Real time noninvasive assessment of external trunk geometry during surgical correction of adolescent idiopathic scoliosis.

Duong L, Mac-Thiong JM, Labelle H - Scoliosis (2009)

A) View from the camera system, with the mounting post on landmark 1–9 to track the spine during and after instrumentation. Landmark 10 is identified using the triangular frame. B) Visualization of the markers in 3-D using positions given by the camera system.
© Copyright Policy - open-access
Related In: Results  -  Collection

License
Show All Figures
getmorefigures.php?uid=PMC2651122&req=5

Figure 6: A) View from the camera system, with the mounting post on landmark 1–9 to track the spine during and after instrumentation. Landmark 10 is identified using the triangular frame. B) Visualization of the markers in 3-D using positions given by the camera system.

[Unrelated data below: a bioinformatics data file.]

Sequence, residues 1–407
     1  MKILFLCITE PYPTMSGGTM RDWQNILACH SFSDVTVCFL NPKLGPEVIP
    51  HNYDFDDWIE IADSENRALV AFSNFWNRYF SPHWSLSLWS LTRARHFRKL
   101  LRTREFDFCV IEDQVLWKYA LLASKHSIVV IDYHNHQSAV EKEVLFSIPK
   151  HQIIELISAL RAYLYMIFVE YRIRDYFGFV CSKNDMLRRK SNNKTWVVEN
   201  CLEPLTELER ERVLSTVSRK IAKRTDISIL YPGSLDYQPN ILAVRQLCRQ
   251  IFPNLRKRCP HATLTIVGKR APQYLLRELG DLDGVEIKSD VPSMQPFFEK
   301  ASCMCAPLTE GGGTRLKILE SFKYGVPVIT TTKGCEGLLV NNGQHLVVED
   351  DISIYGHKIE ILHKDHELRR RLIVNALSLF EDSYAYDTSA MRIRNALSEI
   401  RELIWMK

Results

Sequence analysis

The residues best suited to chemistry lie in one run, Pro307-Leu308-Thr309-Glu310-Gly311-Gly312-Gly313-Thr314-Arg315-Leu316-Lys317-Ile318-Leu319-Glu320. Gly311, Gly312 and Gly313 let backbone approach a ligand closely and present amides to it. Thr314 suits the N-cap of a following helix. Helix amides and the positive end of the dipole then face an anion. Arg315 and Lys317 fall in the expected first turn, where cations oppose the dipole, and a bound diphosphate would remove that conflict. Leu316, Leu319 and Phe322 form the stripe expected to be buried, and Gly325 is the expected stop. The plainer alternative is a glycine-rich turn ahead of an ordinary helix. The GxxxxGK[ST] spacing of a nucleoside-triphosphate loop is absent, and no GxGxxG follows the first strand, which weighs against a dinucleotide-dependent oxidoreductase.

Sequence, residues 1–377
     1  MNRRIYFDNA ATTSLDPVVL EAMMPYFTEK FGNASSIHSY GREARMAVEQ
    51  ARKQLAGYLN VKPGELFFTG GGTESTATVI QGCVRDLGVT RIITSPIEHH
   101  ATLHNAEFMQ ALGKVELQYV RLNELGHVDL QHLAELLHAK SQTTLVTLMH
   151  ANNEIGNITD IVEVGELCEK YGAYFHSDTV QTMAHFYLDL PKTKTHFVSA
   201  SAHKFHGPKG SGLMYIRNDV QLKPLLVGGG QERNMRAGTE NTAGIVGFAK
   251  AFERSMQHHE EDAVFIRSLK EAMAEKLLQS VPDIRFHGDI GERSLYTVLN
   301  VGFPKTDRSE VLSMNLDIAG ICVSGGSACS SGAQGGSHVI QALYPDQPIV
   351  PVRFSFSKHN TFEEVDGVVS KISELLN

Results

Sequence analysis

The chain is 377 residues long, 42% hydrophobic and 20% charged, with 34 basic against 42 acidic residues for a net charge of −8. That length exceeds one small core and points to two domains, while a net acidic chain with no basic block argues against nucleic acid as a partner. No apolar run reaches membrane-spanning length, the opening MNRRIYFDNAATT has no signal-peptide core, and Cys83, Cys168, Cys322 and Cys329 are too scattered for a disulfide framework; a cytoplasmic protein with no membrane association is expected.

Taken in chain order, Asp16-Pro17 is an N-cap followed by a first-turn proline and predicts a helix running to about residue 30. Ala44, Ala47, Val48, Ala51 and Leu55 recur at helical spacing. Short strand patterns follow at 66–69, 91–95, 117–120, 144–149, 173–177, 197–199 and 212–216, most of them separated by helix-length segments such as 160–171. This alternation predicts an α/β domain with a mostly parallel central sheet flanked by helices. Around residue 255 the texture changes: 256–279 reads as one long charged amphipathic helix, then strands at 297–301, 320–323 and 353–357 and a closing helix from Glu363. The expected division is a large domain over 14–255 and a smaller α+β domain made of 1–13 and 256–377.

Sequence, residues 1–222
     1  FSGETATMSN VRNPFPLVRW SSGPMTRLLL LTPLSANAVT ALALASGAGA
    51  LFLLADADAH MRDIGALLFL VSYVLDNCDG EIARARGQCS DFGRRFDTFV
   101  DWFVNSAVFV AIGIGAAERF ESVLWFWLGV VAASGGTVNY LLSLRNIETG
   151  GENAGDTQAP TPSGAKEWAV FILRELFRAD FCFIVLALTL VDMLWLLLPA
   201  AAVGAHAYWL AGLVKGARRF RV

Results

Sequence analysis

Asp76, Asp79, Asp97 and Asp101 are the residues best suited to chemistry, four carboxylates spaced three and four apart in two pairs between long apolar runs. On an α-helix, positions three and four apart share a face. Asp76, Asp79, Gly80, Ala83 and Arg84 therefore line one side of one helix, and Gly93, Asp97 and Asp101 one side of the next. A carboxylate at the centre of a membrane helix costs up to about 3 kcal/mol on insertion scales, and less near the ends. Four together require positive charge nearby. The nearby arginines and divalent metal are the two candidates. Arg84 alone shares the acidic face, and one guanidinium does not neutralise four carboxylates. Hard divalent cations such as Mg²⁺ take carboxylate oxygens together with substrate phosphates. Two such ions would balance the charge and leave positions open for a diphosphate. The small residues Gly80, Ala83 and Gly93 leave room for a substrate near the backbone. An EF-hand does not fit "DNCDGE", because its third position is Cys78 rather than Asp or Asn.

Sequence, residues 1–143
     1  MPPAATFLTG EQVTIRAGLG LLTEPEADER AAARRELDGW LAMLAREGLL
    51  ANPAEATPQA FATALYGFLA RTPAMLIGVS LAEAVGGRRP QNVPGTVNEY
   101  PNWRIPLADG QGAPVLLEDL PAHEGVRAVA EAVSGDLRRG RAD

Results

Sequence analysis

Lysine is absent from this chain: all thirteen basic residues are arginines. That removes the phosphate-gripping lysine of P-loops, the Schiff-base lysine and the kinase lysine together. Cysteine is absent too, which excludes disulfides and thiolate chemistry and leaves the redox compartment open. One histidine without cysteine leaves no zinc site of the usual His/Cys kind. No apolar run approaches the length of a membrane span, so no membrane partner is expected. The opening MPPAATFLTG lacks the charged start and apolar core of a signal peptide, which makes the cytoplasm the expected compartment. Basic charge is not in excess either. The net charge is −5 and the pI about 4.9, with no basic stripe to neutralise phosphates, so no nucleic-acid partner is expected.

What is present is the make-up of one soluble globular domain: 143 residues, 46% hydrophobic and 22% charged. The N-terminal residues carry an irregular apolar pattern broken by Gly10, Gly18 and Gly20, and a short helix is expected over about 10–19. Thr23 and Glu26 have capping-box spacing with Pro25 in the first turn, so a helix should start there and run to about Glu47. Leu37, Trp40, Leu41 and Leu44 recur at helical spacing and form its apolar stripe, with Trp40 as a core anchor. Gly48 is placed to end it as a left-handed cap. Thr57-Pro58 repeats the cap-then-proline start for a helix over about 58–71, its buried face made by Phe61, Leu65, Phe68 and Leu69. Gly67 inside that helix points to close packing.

Mentions: Continuous tracking for evaluation of the trunk geometry is performed during the surgery. Two sets of data acquisition were retained for each patient for the purpose of this study. A first data acquisition (stage I) was performed after insertion of the first rod before the rod rotation maneuver. Stage I therefore corresponds to the state prior to curve correction. A second data set (stage II) was acquired after fixation of both rods before wound closure, and is used to characterize the trunk geometry after final curve correction. 3-D positions were collected for a 10 second interval at 10 Hz for each stage. Since the patient is still breathing during continuous data acquisition, 3-D tracking was visually gated to select only the frames at the end of the respiratory cycle, to ensure a reproducible protocol across patients. Data collection was performed using 3-D visualization software that displays the position of all markers and a schematic representation of the trunk (Figure 6). The optical tracking system gathers 3-D position relative to a global reference frame relative to the camera fixed on the ceiling. The raw data, recorded in the axis system of the camera, are rotated and translated into the coordinate axis system defined by the Scoliosis Research Society (SRS) [13]. This reference frame is defined as follow: the X axis follows the gravity line, which is directed anteriorly with respect to the prone patient, and the Y- and Z-axes point toward left and cephalad directions, respectively. The origin of the axis system is at the spinous process of S1. The orientation of X, Y and Z axis from the origin is identified using the passive markers on the triangular frame defining a local reference frame, including which axis correspond to the left and cephalad directions. The initial orientation of the triangular frame, to ensure proper identification of the reference frame, is set by aligning two of the triangular frame's passive markers, with the markers on the pelvis (landmark 8–9) and this procedure is assisted using the software. The software also computes in real-time five geometric indices of the trunk based on the 3D position of the sensors in the SRS axis system (Figure 2B). A positive value for a linear index (in mm) is directed along the X-, Y- or Z-axis whereas a positive value for an angular index (in degrees) indicates a counterclockwise rotation with respect to an X-, Y- or Z- positive axis. The position of the markers as well as the trunk indices and the Cobb angles were compared between the two stages of surgery for each patient.